Thursday, November 3, 2011

The Bent Tree

     Stone structures in Rhode Island often are marked with bent trees.  Most of these bent trees  are large and over 100 years old, but  many are much younger. This continuing custom of tree-bending  was mentioned by Mavor & Dix.    I always note and photograph bent trees, and  have found that they fall into two general categories.
     1.  Bent trees formed with rocks.
The rocks are placed on a sapling, and it grows to form an L-shape.  Here is a young tree on an outcrop with a propped boulder. The stones are still in place.
Here is an adult bent tree, pointing towards  a stream.
 Granted, some of these trees may have been formed naturally when another tree fell on them.  However, the presence of these trees at structures or along trails suggests they  were formed deliberately.
2. Bent trees formed with thongs.
This type is common  in former Cherokee lands, where they are called "trail trees" or "thong trees".  The sapling is bent over and tethered to the ground with a thong or wire.  Here are a couple of examples.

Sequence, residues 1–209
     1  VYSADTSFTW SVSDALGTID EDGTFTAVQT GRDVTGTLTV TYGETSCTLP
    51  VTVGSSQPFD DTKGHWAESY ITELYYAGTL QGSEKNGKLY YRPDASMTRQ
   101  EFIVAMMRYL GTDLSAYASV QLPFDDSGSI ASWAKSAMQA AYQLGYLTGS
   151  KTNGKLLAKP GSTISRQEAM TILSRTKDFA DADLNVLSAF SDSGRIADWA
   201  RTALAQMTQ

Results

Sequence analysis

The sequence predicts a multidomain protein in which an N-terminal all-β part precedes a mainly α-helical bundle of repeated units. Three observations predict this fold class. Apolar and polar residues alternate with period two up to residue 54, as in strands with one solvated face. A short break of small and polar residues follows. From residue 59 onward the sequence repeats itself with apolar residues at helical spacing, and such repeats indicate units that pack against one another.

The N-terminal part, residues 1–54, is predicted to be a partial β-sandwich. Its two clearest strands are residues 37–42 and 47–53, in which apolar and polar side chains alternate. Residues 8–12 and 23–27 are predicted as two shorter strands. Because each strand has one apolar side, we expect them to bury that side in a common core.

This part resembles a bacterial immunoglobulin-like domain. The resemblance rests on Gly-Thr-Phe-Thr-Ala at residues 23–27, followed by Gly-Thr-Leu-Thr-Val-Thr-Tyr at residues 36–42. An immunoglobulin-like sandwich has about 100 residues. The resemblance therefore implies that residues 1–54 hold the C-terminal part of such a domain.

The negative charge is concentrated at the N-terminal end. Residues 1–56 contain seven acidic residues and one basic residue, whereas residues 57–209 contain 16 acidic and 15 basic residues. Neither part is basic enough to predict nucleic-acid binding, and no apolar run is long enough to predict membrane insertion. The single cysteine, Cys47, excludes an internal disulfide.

Some of these trees may be bent with a cross bar as well as a thong.
 One important point in this photo is that the bent tree is near a road.  Generally, I find that the smaller, younger bent trees are near well-worn trails and prominent structures such as large propped boulders.  Structures in remote areas often  have only large, older trees.  This suggests that the people who are bending the trees have some understanding of the significance of the structures, but do not remember the locations of all of them.
     One of my favorite bent trees is this one, at the edge of a cliff overlooking a swamp.
It appears to point to this magnificent stone stack at the base of the cliff.
About 1000 feet west of this cliff is a small hill surmounted by a large boulder.
This boulder also has a bent tree.  Glimpses of this boulder may be seen from the cliff in the winter.  This area used to be a farm, and the swamp was once a marshy meadow.  It may have looked like this on a September afternoon.

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